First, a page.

After about a half mile of hiking, we gathered close, talked about the risk of inclimate weather (rain/sleet) and set off to hike off trail up to our self-arrest training location. The snow was loose packed above the knee in height, and we took turns breaking trail. Once it got to be my turn, the slope got steeper and it was pretty difficult. The positive of this situation was that I was getting good cardio, someone took an awesome photo of me, and I, accomplished another thing I rarely thought about doing.

My Proud Moment of the Weekend!
My Proud Moment of the Weekend!

When we reached a clearing, the instructor had us march up and down the slope until it was slick enough for us to slide on. Eek! Chances of imminent injury were rapidly approaching! I continued following direction, and eventually we had our track 🙂

The instructor first showed us glissading, where you slide down the hill on your rear end, lifting up your feet. When you want to stop, hold the ice axe across your chest, axe pointed out, and roll on to it. Didn’t seem too difficult, but fear of losing control has a way of shifting reality! I started slow, having difficulty lifting my legs (yay for weak abs!) but I kept trying. My form was terrible, and my axe was way too short for me. After the instructor told me I would likely impale myself, someone let me borrow an extra axe they had, which was very nice and supportive of them. Nice gestures make the world go round people! And I especially need to remember that. Eventually, I got the hang of the technique. I still didn’t go too fast, as I like to be in control, but I’ll get better with practice.

Up next, we slid head first on our stomachs down the hill. Freaky! Some of the guys charged it, and I took it easy. I struggled with the technique, and wished the instructor would give more affirmations, but he had this uncanny sense about him. He seemed to know right when I was getting frustrated and would offer a suggestion or give me an attaboy. It wasn’t much, but it kept me pushing. Keeping in mind what my friend Joel told me, I started congratulating and getting pumped for the people I was with. The team bond was growing! Some were confident, others timid, but we stuck together and waited our turn. The camaraderie was forming in an amazing way and my attitude started shifting.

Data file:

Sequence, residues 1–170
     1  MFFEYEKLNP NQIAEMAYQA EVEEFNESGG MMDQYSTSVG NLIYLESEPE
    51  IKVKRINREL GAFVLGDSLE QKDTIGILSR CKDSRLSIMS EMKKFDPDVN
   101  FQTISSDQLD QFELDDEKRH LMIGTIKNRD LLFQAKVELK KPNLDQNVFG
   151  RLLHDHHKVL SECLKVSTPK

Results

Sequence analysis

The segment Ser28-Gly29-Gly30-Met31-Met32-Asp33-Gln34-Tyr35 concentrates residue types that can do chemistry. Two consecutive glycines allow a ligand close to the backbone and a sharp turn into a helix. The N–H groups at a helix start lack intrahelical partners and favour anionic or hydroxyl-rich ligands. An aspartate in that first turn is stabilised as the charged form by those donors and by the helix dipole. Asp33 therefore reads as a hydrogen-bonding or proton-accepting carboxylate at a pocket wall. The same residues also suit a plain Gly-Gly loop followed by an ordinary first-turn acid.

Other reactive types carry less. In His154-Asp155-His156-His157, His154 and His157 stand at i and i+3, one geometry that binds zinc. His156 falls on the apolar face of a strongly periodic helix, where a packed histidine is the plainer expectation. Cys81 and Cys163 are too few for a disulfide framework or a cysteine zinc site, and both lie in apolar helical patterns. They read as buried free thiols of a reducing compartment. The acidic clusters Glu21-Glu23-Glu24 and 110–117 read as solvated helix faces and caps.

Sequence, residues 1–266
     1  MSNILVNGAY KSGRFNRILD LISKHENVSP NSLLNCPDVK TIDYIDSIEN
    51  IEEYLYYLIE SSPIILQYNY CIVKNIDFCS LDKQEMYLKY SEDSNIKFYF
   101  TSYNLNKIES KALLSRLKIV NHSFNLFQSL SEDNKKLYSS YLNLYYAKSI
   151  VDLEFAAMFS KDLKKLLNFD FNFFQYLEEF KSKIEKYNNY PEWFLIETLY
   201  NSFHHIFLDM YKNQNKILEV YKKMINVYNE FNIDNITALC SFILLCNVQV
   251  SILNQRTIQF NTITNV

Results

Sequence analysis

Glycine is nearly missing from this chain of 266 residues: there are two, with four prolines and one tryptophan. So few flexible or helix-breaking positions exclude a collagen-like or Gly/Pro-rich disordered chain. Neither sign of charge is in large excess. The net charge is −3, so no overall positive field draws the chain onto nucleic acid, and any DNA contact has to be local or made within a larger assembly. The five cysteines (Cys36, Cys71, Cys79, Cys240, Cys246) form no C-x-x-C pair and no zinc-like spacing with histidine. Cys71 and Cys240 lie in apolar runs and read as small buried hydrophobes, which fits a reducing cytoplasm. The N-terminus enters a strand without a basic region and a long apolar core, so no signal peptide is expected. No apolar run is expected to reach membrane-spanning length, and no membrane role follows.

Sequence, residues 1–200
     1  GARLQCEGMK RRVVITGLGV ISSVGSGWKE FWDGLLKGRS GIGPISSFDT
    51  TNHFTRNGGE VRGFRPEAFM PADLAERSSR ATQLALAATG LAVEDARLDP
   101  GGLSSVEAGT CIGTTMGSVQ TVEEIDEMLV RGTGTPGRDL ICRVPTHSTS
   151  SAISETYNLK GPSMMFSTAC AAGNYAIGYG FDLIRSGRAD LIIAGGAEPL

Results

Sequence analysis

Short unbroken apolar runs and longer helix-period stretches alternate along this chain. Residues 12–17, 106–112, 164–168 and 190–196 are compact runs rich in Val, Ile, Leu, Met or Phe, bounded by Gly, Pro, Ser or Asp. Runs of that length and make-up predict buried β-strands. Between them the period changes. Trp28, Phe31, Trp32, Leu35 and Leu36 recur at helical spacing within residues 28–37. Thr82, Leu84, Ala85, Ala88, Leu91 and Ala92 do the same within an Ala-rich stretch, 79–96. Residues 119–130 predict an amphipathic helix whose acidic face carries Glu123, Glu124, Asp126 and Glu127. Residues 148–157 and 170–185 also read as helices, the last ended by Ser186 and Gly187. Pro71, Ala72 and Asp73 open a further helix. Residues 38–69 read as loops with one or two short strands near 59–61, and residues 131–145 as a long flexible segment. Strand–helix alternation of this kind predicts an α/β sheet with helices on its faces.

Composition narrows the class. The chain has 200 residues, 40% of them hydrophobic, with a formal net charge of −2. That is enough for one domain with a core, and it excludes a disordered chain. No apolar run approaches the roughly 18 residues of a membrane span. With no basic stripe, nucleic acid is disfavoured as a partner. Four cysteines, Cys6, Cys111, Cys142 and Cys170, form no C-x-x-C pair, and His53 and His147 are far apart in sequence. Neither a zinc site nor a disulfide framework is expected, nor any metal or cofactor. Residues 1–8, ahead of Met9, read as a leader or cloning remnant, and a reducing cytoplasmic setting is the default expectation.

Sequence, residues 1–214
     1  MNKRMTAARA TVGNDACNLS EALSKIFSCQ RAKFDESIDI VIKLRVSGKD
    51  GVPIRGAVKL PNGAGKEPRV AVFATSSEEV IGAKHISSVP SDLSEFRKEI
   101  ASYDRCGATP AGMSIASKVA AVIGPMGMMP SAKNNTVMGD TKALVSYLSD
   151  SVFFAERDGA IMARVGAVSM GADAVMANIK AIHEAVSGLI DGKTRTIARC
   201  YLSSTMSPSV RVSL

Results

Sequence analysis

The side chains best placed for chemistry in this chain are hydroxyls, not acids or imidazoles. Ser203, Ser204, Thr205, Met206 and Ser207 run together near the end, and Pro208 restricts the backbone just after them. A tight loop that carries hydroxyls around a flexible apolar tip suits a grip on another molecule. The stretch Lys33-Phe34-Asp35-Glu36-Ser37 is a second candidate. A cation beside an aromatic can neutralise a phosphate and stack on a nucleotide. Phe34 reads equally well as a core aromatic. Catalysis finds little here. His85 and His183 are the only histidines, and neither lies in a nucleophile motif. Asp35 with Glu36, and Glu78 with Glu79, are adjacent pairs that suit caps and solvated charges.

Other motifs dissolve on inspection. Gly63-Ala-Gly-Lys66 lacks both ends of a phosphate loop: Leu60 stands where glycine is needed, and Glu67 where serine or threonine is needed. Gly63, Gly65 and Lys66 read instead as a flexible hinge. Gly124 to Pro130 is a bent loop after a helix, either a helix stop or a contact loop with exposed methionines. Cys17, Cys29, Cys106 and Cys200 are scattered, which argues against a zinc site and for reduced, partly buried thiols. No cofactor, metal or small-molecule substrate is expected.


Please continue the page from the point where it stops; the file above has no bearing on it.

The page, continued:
Stepping it up a notch, we slid down on our backs feet first. The trick was to lift my feet up, hold the ice axe across my chest with the axe portion pointing down toward the snow. When I was ready to stop, I planted the axe, and swung my body around on top. The final touch after stopping was kicking my feet in and propping myself up in case an external force tried pulling me down. Gradually, I got the hang of it, but I struggled keeping my helmet near the axe. More practice is needed, obviously!

Trudging through the fear, we reached the final position of “falling” as we slid ourselves down the hill head-first, on our backs! What?!?! Now I have absolutely no control of where I’m going! No bearing on my location! But I did the deal, pushed off slowly and eventually was able to plant the axe properly and swing my body. Awkward movements for sure! At one point, I couldn’t stop myself and was terrified I was going to launch over the snow pile at the end of the run, into the snowpack and hurt myself. But I didn’t. Pushing through the fear, I went down again! And again! It was a good feeling.

We took a lunch break, and of course, like Murphy’s Law, that’s when I got injured. I saw a nice tree and thought I would sit by it. As I neared, my foot plunged up to my thigh in snow and I twisted my knee. What the hell! Here I am performing acrobatics as I’m sliding, and I twist my knee sitting down for lunch? Go figure! A couple of the team members helped me out in my helpless state, and I was able to eat lunch and recover. Luckily, I was able to keep training as the pain subsided, probably due to adrenaline and brain magic. I’m still healing from that a few weeks later, but the body is doing what it does, how cool!